How to Write a Hit Product Management Insider Article

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Product Management Insider is the premier publication and community for product managers on Medium. Since launching in 2017, we’ve published 400+ articles submitted by 50+ contributors, and have grown to more than 15,000 followers.

Writing for Product Management Insider is an opportunity to reach our growing audience of product managers, build your brand within the industry, and join a vibrant community of writers and industry leaders.

Our editorial guidelines are designed with our readers’ interests in mind.

Please read ALL five guidelines before submitting your article.

1. Write about a high-impact topic

When readers are interested in the topic of your article, they’re more likely to read it, clap it and share it. Our readers love to read stories that help them improve the skills they use each day. Our top stories cover actionable strategies and tactics for an important aspect of modern product management. Share stories and examples readers can learn from and provide specific steps the reader can take to implement your advice.

We publish articles that fall within five broad categories:

a. Product strategy

Strategy topics include product roadmapping, go-to-market, evaluating new market opportunities, and adapting to new consumer preferences or market dynamics. Want to Win in the Digital Age? by Thor Ernstsson is a good example of a strategy article. He provides perspectives on business and product strategy, and he cites interviews with dozens of key stakeholders at two high-performing organizations.

b. Culture, hiring and organizational design

Hiring the right team and fostering a good culture is crucial to an organization’s success. In Interviewing Product Managers, Brent Tworetzky discusses how to evaluate the skill of the candidate and their “will,” or how excited the candidate is about the work and the company vision. Also check out Vivek Bedi’s Why I Hire Product Managers Based on Emotion Over Experience for another great example of an article about hiring and culture.

c. Career advancement

We’ve published some great articles on breaking into product management, but we prefer to help middle and senior-level product managers advance in their careers.

In Product Manager Skills by Seniority Level — A Deep Breakdown, Brent Tworetzky employs clever visualizations to describe what product managers need to learn in order to figure out what role best suits them.

d. Skills and techniques

Articles that provide actionable, detailed and comprehensive guides to important product management techniques and activities tend to be extremely well-received by our readers. These articles can cover different Agile methods, user research tactics or even how to build user onboarding flows. Aazar Ali Shad‘s article, How Four Leading SaaS Companies Design the Customer Onboarding Experience, does a great job of highlighting real-world examples and providing specific ideas readers can apply to their own products.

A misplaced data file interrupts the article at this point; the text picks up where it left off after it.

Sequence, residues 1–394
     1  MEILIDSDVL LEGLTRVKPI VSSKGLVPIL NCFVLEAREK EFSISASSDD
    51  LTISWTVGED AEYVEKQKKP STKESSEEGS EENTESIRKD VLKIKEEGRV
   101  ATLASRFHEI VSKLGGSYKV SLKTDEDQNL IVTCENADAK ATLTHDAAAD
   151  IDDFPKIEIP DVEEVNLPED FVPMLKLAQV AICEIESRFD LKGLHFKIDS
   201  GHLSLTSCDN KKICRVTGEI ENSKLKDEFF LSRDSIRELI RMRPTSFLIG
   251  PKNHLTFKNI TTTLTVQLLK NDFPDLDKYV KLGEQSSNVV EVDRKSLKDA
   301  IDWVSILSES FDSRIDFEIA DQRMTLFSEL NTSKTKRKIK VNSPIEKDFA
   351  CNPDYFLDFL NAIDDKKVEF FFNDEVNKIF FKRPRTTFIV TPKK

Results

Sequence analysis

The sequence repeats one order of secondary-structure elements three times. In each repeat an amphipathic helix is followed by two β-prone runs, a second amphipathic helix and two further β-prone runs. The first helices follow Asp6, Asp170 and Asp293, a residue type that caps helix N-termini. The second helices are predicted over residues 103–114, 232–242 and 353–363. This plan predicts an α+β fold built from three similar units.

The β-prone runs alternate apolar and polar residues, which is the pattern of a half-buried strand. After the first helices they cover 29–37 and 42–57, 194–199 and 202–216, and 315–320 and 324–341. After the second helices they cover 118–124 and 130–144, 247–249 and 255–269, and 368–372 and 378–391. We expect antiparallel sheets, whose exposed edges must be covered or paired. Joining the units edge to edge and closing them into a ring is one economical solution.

e. Management, leadership and collaboration

This last category homes in on the “manager” part of the product manager job title. From running meetings to evangelizing a vision, our readers want to improve their ability to lead teams and collaborate with peers. In Product Manager Critiques: How to Raise the Bar of Your Product People, Chris Butler does a great job of framing his article in terms of how the reader will benefit from implementing his suggestions.

2. Provide evidence

It’s important to support the topics you write about with strong sources. Readers need to see the proof that your recommendations are effective. There are three forms of evidence you can include in your articles: personal experiences, credible data sources and quotes from experts.

a. Share stories or personal experiences

Stories are powerful, because they lend credibility to what you’re saying, while entertaining and influencing the reader. No one would trust a recipe a chef never tested before. Walk readers through the exact steps you took and the outcomes you achieved.

b. Cite credible data sources

Data is powerful, because it’s measurable and easy to understand. It sounds nice when you say “[strategy] will help you grow,” but it sounds way more legitimate when you cite a source that shows “companies who [strategy] grow revenue by 25%.” Check out Why do Product Managers Fail? by Nis Frome, which is based on survey data.

PMI contributors have also written articles about Alpha’s decision-making survey report:

c. Quote experts

Quotes add credibility and social proof. Advice from Jeff Bezos is more credible than advice from the random guy at your local bar.

Tremis Skeete does a great job of using quotes and citing expert advice in his feature of Alpha Co-Founder and Head of Experimentation Nis Frome and of Pendo CPO Brian Crofts. In How 14 Product Leaders Generate and Use Customer Feedback, Daniel Zacarias rounds up expert tips on a critical skill for product managers.